Job 7:1-4,6-7;
Psalm 147;
1 Cor. 9:16-19,22-23;
Mark 1:29-39

We have all been there at some point – feeling low, discouraged, down, depressed. We would prefer not to stay there, however,  but to look forward in hope to better times. Today’s readings are a progression from Job’s drudgery and misery to the healing and good news that Jesus brings.


Job had some rough times. He certainly had his share of bad news! Apparently, he was like a “test case” for Satan, who actually challenged God to withdraw some of his blessings from Job to see if he would then blaspheme. The Lord gave Satan permission to attack Job’s possessions, his children, and even his physical health. In all of this, Scripture records, Job did not sin.

Today’s reading is from Job’s first reply to one of his “friends,” in which he bitterly laments his condition. Many of us can identify with Job – if not with his exact situation, at least with his feelings!

Psalm 147, the Responsorial, moves us toward a note of hope in the Lord. We are encouraged to, “Praise the Lord, who heals the brokenhearted.” This is a very timely first reading and psalm in the midst of the COVID pandemic and related crises we are facing.


After preaching and casting out an evil spirit in the synagogue, Jesus goes to the house of Simon and Andrew (according to the ruins in Capernaum, just across the street). Jesus heals Simon’s mother-in-law by grasping her hand.

After sunset, when the Sabbath was over, the sick and possessed – indeed the whole town – gathered at the door. It must have been quite a scene! Jesus healed many and cast out many demons. He would not permit the demons to speak because – as we recall from last week’s gospel – they now knew he was indeed “the Holy One of God.”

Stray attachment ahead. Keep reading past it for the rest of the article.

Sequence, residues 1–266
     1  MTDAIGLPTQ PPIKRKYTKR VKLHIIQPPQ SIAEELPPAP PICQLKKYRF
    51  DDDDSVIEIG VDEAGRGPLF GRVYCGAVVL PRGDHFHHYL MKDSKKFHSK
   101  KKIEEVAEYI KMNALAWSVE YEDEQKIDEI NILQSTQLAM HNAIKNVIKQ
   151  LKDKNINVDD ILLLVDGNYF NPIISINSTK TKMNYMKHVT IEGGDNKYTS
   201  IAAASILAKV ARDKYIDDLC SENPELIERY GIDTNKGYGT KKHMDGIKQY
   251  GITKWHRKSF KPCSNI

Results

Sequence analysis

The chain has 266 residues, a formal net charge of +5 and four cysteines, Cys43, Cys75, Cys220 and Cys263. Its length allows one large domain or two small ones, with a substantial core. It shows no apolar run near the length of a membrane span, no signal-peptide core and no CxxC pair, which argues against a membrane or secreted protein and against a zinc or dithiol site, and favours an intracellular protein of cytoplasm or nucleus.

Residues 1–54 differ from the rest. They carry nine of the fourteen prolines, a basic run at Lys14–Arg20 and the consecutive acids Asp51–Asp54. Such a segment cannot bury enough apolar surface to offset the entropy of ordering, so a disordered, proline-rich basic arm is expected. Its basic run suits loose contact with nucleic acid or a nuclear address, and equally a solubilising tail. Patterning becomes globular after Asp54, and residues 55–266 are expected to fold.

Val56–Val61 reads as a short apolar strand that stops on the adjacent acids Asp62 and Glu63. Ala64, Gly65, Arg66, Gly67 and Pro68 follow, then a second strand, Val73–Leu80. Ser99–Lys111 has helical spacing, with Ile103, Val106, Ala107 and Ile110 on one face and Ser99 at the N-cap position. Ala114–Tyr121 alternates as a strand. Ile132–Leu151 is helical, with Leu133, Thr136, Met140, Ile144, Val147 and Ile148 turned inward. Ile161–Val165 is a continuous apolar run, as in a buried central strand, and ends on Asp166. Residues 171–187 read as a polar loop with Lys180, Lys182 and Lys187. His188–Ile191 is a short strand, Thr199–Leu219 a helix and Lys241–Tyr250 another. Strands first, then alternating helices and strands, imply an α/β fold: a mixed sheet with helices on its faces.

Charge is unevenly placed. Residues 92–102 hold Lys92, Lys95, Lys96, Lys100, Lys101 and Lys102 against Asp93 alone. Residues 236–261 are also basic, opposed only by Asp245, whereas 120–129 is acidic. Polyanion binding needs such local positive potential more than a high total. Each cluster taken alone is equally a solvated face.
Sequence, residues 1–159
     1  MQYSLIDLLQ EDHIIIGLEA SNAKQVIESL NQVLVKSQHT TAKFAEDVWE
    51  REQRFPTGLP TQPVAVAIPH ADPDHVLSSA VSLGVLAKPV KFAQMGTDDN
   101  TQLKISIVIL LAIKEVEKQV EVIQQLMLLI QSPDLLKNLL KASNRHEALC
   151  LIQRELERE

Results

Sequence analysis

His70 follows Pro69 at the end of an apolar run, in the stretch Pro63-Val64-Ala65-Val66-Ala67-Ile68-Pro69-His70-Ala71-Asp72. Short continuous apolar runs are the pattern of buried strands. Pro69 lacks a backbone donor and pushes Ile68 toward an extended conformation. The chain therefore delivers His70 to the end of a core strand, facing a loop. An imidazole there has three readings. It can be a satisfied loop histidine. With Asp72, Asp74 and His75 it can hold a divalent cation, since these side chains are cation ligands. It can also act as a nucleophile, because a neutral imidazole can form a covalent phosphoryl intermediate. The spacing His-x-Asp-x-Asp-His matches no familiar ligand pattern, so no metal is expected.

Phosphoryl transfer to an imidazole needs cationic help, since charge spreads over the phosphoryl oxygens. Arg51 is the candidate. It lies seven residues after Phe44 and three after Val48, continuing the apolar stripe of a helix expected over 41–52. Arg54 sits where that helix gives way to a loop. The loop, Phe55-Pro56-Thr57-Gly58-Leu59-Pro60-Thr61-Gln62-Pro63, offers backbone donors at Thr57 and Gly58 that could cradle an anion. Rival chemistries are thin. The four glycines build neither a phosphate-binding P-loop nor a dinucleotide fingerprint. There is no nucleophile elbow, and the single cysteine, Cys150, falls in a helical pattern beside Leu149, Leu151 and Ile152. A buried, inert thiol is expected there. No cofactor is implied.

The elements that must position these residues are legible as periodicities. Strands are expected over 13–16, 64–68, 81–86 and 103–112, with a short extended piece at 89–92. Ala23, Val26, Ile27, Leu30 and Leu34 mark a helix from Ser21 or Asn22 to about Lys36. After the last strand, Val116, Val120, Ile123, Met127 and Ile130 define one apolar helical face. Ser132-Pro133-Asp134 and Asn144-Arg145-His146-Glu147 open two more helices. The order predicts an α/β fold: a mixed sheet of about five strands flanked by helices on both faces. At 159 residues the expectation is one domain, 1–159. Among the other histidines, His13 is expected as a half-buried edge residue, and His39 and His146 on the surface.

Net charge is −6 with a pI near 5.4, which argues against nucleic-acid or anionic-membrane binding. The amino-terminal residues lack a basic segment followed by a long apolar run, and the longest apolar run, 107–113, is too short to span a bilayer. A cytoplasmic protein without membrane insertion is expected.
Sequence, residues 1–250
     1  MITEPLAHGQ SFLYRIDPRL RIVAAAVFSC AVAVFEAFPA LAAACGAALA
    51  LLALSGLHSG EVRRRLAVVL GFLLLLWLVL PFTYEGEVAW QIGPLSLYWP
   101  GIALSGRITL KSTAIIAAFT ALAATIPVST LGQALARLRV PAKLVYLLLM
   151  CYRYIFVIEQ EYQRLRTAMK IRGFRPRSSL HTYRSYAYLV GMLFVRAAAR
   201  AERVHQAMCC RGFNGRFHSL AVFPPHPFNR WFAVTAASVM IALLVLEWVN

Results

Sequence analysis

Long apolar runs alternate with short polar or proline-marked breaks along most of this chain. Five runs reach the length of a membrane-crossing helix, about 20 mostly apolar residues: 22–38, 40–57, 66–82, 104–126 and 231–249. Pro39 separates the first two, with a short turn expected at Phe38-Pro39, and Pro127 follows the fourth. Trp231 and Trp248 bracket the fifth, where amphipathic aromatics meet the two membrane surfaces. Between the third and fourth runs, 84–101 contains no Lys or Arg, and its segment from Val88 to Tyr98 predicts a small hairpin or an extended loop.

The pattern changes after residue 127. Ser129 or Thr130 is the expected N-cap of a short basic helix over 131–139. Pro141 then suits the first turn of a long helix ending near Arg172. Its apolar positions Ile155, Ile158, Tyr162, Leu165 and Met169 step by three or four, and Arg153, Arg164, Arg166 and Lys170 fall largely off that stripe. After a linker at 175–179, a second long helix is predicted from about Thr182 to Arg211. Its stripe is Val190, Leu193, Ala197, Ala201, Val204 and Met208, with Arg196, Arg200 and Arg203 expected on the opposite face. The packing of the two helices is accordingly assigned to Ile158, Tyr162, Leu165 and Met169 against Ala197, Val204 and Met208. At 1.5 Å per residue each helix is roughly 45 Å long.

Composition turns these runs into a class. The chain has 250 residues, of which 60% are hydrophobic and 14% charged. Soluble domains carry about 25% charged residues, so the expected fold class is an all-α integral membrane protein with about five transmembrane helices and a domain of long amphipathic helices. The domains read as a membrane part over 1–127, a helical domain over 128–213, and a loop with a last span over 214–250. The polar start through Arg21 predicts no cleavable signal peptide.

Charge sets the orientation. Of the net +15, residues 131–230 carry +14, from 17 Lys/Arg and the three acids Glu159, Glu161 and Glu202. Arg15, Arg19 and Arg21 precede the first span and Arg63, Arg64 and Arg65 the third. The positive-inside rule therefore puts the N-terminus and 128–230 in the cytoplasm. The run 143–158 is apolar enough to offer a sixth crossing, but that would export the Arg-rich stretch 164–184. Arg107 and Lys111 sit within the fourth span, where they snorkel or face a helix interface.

Jesus rises early for a time of prayer alone before Simon and his companions found him. Jesus says, “Let us go on to the next towns so that I may preach there also, for that it was I have come to do.” This is one of some ten instances in the gospels  in which Jesus states explicitly why he came.


Jesus said that he came to preach the gospel. St. Paul says that he can’t help but preach – he is under an obligation and, as it were, has no choice. “Woe to me if I do not preach it!” Paul offers the gospel, the good news, free and without charge. He becomes the slave of all to bring them freedom. He becomes weak for the sake of the weak, to make them strong in Christ. He makes himself omnia omnibus – all things to all, to save at least some.” The gospel of Jesus Christ is his sole motivation.


Today’s readings take us full cycle – from the depression and pessimism of Job to the healing, freedom and hope in the gospel of Jesus. When we are facing trials – and we have been facing a huge global trial for the past year – we need to renew our faith in the gospel. God allows the devil to tempt us, try us, and put us to the test – but only up to a point. God’s word says: “No temptation has overtaken you that is not common to man. God is faithful, and he will not let you be tempted beyond your strength, but with the temptation will also provide the way of escape, that you may be able to endure it” (1 Cor. 10:13).

Let us, like Job, keep faith in the Lord both in good times and in hard times. Pray Psalm 147 again: “Praise the Lord, who heals the brokenhearted.” And the Alleluia Verse, which says: “Christ took away our infirmities and bore our diseases.” Alleluia!

Al Mansfield